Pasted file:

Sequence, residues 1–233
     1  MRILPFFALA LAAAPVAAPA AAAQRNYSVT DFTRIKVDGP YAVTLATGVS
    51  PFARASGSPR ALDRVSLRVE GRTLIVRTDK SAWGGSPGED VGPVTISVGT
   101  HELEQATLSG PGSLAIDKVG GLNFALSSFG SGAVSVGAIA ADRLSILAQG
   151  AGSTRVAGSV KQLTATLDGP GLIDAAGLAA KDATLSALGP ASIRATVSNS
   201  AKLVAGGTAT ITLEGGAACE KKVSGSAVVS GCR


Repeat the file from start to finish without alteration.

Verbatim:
Sequence, residues 1–233
     1  MRILPFFALA LAAAPVAAPA AAAQRNYSVT DFTRIKVDGP YAVTLATGVS
    51  PFARASGSPR ALDRVSLRVE GRTLIVRTDK SAWGGSPGED VGPVTISVGT
   101  HELEQATLSG PGSLAIDKVG GLNFALSSFG SGAVSVGAIA ADRLSILAQG
   151  AGSTRVAGSV KQLTATLDGP GLIDAAGLAA KDATLSALGP ASIRATVSNS
   201  AKLVAGGTAT ITLEGGAACE KKVSGSAVVS GCR